There will be no let-up in the rapid growth of the holiday let sector next year, according to industry experts. Travel restrictions during the pandemic led to a boom in staycations and soaring prices for UK holidays this year, but leading brokers who specialise in the holiday let market still see plenty of scope for continued growth.
Andrew Soye, director of Holiday Cottage Mortgages Limited, said: “The holiday let market is still tiny compared to the buy-to-let market which is estimated to be around 2-3 million properties. No one knows exactly how many furnished holiday lets there are - maybe you could guess at 2-300,000 - so it is still very much a growth market.
“The market was growing at about 15% per annum long before Covid which is when private equity spotted the trend. That led to a number of acquisitions and rolling up little cottage companies into bigger companies, but there is still plenty of room for people who want to have just one or two properties.”
But Mr Soye does predict that holiday let owners and investors might be wise to prepare for a readjustment in rental prices which he thinks will crash back down to their pre-Covid levels.
“When people can holiday abroad freely again there will still be plenty of demand for staycations. But I think prices will return to normal levels and that’s a good thing - over-pricing is not good. People have been paying £5,000 for a week’s holiday and they realise that it’s not worth it.”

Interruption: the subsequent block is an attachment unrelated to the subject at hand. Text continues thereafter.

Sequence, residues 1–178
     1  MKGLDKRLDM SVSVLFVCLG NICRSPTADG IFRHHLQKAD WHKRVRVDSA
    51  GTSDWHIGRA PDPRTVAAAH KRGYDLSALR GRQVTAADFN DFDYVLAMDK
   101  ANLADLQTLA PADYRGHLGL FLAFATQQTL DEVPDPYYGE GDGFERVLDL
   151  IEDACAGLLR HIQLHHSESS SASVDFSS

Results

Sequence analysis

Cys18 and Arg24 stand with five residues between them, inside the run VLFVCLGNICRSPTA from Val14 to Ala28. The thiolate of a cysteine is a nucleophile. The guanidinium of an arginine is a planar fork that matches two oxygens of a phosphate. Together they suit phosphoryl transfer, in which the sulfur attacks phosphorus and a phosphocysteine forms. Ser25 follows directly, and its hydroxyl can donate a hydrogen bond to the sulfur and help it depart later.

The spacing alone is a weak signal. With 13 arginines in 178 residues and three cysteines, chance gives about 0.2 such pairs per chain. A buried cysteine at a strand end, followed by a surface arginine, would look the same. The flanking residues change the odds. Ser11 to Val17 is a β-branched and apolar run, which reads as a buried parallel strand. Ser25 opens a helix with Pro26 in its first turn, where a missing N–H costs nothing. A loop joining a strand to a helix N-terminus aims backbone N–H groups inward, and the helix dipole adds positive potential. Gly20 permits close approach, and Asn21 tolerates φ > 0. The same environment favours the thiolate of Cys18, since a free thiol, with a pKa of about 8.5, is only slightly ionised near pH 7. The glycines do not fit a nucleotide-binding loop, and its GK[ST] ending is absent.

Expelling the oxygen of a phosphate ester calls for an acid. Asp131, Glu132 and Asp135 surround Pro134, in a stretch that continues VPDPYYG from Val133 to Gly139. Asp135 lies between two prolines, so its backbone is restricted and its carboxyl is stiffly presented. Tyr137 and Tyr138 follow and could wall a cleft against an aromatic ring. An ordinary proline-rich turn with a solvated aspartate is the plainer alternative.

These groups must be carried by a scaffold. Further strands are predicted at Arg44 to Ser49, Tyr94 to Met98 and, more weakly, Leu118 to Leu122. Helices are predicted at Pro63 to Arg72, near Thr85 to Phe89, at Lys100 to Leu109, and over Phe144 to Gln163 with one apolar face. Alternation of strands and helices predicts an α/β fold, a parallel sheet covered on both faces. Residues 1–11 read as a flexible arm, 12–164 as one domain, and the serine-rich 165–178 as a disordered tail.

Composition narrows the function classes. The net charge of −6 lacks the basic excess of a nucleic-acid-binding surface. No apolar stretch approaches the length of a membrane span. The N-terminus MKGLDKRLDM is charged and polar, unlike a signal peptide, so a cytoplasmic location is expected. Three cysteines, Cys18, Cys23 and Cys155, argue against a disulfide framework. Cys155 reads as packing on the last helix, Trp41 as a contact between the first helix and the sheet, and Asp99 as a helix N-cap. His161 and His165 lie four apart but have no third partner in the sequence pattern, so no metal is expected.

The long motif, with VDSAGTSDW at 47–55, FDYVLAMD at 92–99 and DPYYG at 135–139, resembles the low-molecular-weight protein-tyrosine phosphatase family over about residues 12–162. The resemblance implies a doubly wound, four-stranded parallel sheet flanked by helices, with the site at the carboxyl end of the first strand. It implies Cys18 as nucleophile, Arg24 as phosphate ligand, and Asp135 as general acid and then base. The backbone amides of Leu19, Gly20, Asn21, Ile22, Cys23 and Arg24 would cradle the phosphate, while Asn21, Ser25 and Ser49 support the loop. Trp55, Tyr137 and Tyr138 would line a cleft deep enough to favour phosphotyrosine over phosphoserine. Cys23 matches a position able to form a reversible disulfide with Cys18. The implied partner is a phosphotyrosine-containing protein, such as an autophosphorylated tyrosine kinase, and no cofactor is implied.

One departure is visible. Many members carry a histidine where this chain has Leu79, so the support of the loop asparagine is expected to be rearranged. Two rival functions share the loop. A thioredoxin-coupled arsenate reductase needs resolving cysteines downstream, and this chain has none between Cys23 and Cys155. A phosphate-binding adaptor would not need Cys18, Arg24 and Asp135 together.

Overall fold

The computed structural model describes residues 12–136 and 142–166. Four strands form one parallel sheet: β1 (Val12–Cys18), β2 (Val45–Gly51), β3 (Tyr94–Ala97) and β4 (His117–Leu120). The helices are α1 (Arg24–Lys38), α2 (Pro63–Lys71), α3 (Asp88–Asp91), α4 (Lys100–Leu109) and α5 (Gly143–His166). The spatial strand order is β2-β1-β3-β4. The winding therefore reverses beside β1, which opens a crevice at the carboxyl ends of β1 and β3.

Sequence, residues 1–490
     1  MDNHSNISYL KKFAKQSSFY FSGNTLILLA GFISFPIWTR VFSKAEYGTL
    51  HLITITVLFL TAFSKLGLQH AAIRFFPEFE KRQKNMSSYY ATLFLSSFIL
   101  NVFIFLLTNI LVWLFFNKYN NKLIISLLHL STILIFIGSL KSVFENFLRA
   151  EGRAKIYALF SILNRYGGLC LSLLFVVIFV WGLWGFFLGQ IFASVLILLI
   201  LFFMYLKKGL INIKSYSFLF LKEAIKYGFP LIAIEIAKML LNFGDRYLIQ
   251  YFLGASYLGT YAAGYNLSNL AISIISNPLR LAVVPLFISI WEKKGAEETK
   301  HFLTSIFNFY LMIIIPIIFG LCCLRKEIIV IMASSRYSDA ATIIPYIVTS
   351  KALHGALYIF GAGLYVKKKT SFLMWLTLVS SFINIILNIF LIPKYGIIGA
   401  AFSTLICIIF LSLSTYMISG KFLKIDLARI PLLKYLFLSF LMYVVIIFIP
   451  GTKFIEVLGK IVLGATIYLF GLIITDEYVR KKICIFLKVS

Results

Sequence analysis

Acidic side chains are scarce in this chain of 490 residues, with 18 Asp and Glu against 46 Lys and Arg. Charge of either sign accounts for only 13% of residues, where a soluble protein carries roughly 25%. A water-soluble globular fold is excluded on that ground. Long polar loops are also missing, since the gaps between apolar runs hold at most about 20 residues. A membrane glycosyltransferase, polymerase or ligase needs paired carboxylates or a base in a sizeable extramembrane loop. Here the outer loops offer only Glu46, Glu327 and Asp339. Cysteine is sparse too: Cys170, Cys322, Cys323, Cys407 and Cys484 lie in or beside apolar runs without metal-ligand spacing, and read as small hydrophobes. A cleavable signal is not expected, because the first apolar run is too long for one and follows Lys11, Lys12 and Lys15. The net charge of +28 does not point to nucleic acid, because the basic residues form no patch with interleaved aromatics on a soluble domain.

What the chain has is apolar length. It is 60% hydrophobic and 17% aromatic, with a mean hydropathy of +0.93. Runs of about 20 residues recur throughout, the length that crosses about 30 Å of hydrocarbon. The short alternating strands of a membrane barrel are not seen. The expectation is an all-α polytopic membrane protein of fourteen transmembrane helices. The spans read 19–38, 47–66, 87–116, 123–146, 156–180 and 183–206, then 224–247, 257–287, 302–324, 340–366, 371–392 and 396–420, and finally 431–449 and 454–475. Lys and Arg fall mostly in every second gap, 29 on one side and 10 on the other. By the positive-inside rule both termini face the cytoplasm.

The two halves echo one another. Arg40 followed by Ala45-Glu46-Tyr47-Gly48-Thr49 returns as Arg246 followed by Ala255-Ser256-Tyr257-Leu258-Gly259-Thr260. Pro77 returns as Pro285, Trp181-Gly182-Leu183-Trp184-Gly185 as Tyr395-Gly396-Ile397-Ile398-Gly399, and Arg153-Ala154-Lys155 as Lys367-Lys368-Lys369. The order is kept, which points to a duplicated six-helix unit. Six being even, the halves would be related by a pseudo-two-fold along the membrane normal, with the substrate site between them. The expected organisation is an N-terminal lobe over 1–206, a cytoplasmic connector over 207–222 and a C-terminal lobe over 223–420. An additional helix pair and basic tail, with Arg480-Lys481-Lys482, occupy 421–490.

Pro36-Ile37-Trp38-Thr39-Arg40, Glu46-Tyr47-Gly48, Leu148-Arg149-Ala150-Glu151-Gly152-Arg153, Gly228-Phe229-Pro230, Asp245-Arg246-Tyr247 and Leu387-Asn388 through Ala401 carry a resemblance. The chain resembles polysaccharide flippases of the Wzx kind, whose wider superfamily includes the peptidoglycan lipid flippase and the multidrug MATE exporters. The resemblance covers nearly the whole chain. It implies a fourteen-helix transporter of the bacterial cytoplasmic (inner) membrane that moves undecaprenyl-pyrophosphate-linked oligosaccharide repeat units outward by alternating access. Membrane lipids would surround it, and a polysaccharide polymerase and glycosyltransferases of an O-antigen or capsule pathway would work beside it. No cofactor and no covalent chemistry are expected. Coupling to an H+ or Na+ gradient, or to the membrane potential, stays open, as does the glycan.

Joe Stallard, director of House and Holiday Home Mortgages, agrees, but also detects an important shift in the market which means investors are looking at a wider selection of areas rather than just the traditional honeypots.
“We have been exceptionally busy but there are still many opportunities for people looking to start a holiday let business,” he said, adding: “But what I would say is that the areas of inquiry have broadened.
“People are looking for new holiday let locations and want to explore new places. I went to Whitstable and Canterbury, for example, rather than heading to the Lake District or Devon and Cornwall - a lot of people are trying out new locations.”
“People might consider some areas of the UK to be expensive for a holiday and are realising
there are other fantastic parts of the country - different landscapes, countryside and towns to
explore. Yorkshire and Norfolk are popular, as is Scotland.
“I don’t think we will snap back into old habits next year when travel restrictions are eased because while we may enjoy a holiday abroad there will still be plenty of interest in exploring this country, rather than having two or three holidays abroad. The pandemic opened people’s eyes to holidays in the UK”, he said.
The optimistic assessment of brokers is endorsed by David Robinson, Head of Intermediary at The Cumberland who said:
“We believe staycations will remain a key part of people’s holiday plans and perhaps the longer term picture will be a sort of hybrid situation, similar to the approach many employers are adopting with home verses office working.
“Overseas travel will inevitably return, but consumers also now have a fresh perspective on UK breaks, and all the benefits they bring. This can only be good news for the holiday lets market”.